‘For example, over 10 nationalities were represented among the more than 80 registered participants in the China Law Research Workshop. Startup founders, ambassadors, students, Finnish government representatives, leading Nordic scholars and representatives of multinational corporations discussed how to research and apply Chinese law, including the practicalities of doing field work and conducting business in China’, Professor Liukkunen said.
‘The Center is grateful to Professor Jukka Kola, Rector of the University of Helsinki, for his support of Nordic China Law Week 2018, including through holding a Rector’s Reception after one of the Week’s flagship events, the China Law Research Workshop, hosted by the Dean of the Faculty of Law, Professor Pia Letto-Vanamo’.
‘From the beginning, the Finnish China Law Center has received significant input to developing its core activities from the Peking University Law School, which has worked together on many research projects and co-organized a number of international academic events with the Center and its member institutions’, Professor Liukkunen said.
‘I would like to congratulate in particular my friends and colleagues from Peking University Law School, including Professor Zhang Shouwen, Professor Ye Jingyi, Professor Li Ming, Professor Liang Genlin, Associate Professor Su Jiang, Assistant Professor Yan Tian and many others whose contributions have led to strong Sino-Finnish cooperation across different fields of law’.
‘Assistant Professor Chen Yifeng has also been instrumental in building the strategic relationship in legal research and education between the University of Helsinki and Peking University, and more broadly between legal academia in China and the Nordic countries’, Professor Liukkunen said.
The round-table discussion was held as part of Nordic China Law Week 2018, and was attended by scholars from 10 universities in Finland, Sweden, Denmark and Norway.
The event was was open to those affiliated with universities or research institutions in the Nordic region whose research or teaching relates to the law and China (including Chinese law, comparative law involving China, and China’s engagement with international law).
Professor Pia Letto-Vanamo, Dean of the Faculty of Law at the University of Helsinki, chaired the meeting, which provided a forum in which scholars shared their China law-related activities and plans.
Forms and possibilities of inter-institutional collaboration at a general level were explored during the two hour-long gathering.
Scholars also discussed Nordic-wide involvement in events being organized by the Faculty of Law at the University of Helsinki and the Finnish China Law Center, including the 9th Bilateral Seminar on Comparative Law with the Chinese Academy of Social Sciences (CASS) (Beijing, September 2018).
As a result of the meeting, discussions are continuing between Nordic institutions about better coordinating the region’s approach to China law research and education and promoting knowledge and awareness of Nordic legal models and systems in China.
The meeting was one of many events organized during Nordic China Law Week 2018, with others including:
As was the case with the first Workshop, the event was attended by a diverse range of people. The over 80 registered attendees of more than 10 nationalities included university scholars, think tank researchers, diplomats, students, lawyers, those working in business (ranging from large multinational corporations to startups), entrepreneurs and government representatives.
Professor Julie Yu-Wen Chen, Professor of Chinese Studies and Director of Confucius Institute at the Faculty of Arts at the University of Helsinki, discussed the relationship between culture and research involving contemporary China.
Professor Matti Nojonen (University of Lapland), Deputy Chair of the Finnish China Law Center, drew upon his experience in China and ongoing research when talking about the ‘Intersections of Economics, Business and the Law in China: Implications for Legal Research’.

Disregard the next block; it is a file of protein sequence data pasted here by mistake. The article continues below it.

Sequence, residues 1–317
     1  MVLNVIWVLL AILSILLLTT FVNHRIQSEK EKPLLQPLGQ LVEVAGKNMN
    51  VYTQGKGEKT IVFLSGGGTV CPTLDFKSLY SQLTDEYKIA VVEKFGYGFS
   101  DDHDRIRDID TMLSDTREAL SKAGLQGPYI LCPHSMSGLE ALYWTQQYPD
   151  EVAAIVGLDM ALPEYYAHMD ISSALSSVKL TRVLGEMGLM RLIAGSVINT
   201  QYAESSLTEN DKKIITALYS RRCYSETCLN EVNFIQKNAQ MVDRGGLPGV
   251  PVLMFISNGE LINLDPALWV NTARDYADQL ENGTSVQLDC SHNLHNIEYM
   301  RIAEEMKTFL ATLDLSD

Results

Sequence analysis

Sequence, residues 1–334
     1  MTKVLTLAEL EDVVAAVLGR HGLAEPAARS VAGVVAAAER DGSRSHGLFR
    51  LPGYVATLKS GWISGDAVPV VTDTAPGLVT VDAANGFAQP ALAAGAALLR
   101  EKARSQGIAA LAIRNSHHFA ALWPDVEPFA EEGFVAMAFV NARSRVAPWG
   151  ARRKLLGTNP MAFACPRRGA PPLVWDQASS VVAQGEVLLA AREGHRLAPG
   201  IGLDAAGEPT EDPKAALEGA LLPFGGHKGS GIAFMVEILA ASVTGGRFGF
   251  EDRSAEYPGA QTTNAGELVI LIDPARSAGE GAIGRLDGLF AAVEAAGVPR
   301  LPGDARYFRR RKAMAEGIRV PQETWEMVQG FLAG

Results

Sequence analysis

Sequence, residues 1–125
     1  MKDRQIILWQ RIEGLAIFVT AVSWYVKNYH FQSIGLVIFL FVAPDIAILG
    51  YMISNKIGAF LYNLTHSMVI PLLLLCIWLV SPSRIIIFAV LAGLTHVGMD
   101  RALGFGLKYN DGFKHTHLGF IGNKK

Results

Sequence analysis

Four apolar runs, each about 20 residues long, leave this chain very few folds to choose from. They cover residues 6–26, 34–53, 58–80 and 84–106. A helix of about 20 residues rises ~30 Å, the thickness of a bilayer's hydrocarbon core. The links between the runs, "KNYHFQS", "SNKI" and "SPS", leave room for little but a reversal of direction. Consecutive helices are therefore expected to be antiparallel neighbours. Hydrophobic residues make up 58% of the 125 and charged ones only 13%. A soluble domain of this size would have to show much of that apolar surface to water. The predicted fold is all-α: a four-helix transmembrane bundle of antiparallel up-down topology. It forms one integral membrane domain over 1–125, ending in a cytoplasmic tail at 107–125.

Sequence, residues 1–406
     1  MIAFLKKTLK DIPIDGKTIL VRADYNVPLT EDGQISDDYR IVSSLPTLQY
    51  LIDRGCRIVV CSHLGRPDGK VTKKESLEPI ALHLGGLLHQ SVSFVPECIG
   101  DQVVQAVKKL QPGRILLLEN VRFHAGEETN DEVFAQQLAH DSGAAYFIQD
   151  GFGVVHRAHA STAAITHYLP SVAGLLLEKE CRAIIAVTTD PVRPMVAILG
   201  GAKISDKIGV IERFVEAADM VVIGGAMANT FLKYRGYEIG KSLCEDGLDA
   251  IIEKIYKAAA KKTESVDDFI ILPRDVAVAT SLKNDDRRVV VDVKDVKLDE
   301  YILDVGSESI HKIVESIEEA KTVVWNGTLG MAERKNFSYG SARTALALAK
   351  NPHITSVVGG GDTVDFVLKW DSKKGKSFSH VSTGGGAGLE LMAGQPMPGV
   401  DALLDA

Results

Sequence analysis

Another well-received presentation at the Workshop was given by Post-doctoral Researcher Dr Yihong Zhang (University of Helsinki), who drew upon her academic background and experience as a corporate lawyer in China when speaking on the China’s Company law regime.
The Workshop ended with Rector’s Reception hosted by Dean Letto-Vanamo, which provided an excellent opportunity for speakers and participants to network and have in-depth discussions about the themes covered during the Workshop.
NEWDAY is a training program that addresses current global challenges in a unique social setting. The program emphasizes cultural understanding and cross-cultural communication with classroom teaching, lectures, discussions, socializing, workshops, and excursions, and features lectures by prominent scholars, journalists, and thinkers as well as debates and dialogue between students and teachers on the burning issues of our time.
The main themes of the 2018 include gender and society; media and activism; and climate crisis and environmental degradation.
‘This reflects ever-deepening interest in Chinese law in the Nordic academic, and broader public, arena’.
‘In addition, Nordic China Law Week 2018 is being held in response to strong and growing interest in Chinese law and the Chinese legal system from the private and non-profit sectors’, Professor Liukkunen says.
‘In light of corporate demand, including from local SMEs and startups, Nordic China Law Week 2018 will include many events on Chinese business and corporate law, including Chinese intellectual property law’.
The Week is targeted at lawyers, those in business (including entrepreneurs), people working in governments or international organizations, academics, students, those working in NGOs /civil society and anyone with an interest in learning about Chinese law and legal culture.
All events are free and open to the public, with the exception of the Nordic China Law Scholars Meeting (aimed at senior scholars from education and research institutions in the Nordic region, though junior academics, including doctoral candidates, are welcome to join). The host of the Nordic China Law Scholars Meeting will be Professor Pia Letto-Vanamo, Dean of the Faculty of Law of the University of Helsinki.
The Workshop will provide an overview of how to approach Chinese legal research and comparative law research involving China.
The event will be of benefit to students, researchers and practitioners who are interested in Chinese law and the Chinese legal system, and provide an excellent opportunity for participants to meet and network with others who are working with, or interested in, Chinese law and legal culture.